order to reduce area and improve speed. The
partitioner also contains a redundancy removal algorithm.
This system addresses the major issues of synthesis.
Since one of the advantages of PLA design is that it is
very each to place and wire PLAs, this system also has
good characteristics with respect to physical design.
Programs that handle a design as a single PLA are
notoriously poor with respect to capacity/performance,
and this one is no exception (the maximum model reported has 72 inputs). The only design style supported
by APLAS is PLA output and it would be difficult to
change to a different design style. This is an inherent
problem with this approach, but algebraic methods can
be combined with other types of systems in ways the
enhance their flexibility, as will be described later.
LSS, a compiler-like system
Another approach to the problem of synthesis has its
roots in the observation that optimizing logic is similar
to optimizing programs. The compiler-like synthesis
systems tend therefore to draw on the work done in
optimizing programming-language compilers. Compiler
optimizations, such as common subexpression elimination, constant propagation, code motion, dead code
elimination, and procedure integration, are re-cast into
forms that are useful in logic optimizations. For examplc, in programming-language compilers, code motion
might be used to move computations out of loops; in
synthesis systems, the same techniques might be used
to move late signals closer to the registers and outputs
of the logic.
The synthesis system from IBM, LSS [1 11,is an example of a system built using compiler technology. IBM
uses many different register-transfer level languages,
and most of these can be used as input to LSS. The
input is translated to a dataflow graph in which the
nodes represent operations specified in the input
(DECODES, parities, adders, etc. as well as ANDs,
ORx, and NOTs). The graph edges represent the data
relationships in the logic. Peephole optimizations in the
form of local, pattern matching transformations arc
applied at this level. The logic is then translated to a
NAND or NOR level where global transformations
similar to dataflow-based algorithms in programminglanguage compilers are used to simplify the logic [12]
and redundancy removal processing [13] is applied.
The early optimizations are largely directed at area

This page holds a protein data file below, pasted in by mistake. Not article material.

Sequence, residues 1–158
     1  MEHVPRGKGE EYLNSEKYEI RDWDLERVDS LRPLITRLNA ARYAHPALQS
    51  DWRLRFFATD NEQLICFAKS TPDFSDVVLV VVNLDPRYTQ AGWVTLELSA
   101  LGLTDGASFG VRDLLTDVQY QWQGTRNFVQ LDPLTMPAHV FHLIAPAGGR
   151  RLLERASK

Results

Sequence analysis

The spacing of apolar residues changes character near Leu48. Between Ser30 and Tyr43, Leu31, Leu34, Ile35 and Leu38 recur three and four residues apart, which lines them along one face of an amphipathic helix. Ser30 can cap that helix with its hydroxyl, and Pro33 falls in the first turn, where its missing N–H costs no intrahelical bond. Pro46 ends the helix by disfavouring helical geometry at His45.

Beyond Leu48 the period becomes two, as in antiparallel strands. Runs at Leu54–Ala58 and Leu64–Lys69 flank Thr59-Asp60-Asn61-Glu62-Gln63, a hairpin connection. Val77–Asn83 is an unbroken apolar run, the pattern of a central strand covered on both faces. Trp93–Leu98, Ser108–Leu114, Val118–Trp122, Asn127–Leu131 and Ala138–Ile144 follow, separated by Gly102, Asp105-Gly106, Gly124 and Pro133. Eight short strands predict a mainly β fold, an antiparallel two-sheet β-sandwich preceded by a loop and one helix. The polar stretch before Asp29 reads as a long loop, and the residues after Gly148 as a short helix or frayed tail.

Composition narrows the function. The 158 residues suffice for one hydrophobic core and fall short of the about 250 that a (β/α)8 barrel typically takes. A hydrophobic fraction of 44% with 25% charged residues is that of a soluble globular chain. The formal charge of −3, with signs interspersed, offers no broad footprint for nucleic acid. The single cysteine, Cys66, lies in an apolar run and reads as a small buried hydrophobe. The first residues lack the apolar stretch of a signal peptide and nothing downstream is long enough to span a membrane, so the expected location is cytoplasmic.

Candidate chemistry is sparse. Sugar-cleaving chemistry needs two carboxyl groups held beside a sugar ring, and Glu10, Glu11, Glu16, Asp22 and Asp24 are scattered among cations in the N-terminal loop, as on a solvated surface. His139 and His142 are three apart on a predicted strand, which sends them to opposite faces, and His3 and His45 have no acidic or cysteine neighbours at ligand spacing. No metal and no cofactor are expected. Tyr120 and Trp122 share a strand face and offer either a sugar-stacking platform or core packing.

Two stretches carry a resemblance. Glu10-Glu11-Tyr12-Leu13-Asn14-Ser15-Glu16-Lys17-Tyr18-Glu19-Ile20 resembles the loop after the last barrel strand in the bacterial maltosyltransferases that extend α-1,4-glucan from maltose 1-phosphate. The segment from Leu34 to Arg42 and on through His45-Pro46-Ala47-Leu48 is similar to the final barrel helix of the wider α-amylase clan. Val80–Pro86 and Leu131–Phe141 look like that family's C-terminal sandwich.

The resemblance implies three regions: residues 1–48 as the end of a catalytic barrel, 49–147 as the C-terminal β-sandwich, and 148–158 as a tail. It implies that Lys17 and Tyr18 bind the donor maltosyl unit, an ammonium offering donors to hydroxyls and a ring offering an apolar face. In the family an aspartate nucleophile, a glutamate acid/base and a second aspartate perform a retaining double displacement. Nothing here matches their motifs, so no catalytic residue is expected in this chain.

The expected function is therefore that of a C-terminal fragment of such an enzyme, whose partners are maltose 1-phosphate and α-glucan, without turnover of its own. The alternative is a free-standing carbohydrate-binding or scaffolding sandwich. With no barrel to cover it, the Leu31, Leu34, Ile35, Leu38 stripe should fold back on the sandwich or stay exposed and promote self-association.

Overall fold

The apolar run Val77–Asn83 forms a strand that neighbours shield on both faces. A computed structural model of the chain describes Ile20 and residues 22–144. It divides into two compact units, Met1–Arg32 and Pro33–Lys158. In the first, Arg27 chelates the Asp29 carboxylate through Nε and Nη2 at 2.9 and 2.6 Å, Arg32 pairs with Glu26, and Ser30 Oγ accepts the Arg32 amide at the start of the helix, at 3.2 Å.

minimization, with timing a secondary consideration.
In the final phases, the logic is mapped into the target
technology and detail timing analysis and correction are
done. At this level, the focus is timing and power consumption with area being a secondary factor. These are
generally accomplished by a global-analysis/locaIcorrection approach.
Specific technology information in the form of tables
and “user exits” is used throughout the synthesis process to aid in making optimization decisions.
Extcinalizing such data allows a trained person to easily adapt LSS to new technologies and user requirements. Becauseglobal algorithms are being used, there
is no guarantee of stable output - a small change to the
source could potentially change.a large window of logic.
LSS contains simplifications intended to address the
major issues of logic synthesis. Like programminglanguage compilers, it is a “turnkey” system and the
user interacts with it only at the source-code level.
With the exception of full redundancy removal, the algorithms scale in a roughly linear fashion with the
model size. (Complete redundancy removal is optional
and used only when there are sevcrc testability problems with the logic.) Models containing 40,000 twoway NAND equivalents have been processed using
LSS. Logic comparison is done by using the SAS system [14]. LSS is used widely within IBM and huncireds
of production bipolar and FET chips have been
Paper 9. I
SOCRATES, art expert SJStQh7
The major observation behind the expert-system approach to synthesis is that the task of synthesis, with its
multiple, conflicti:ng objectives, is a very difficult problem to solve algorithmically.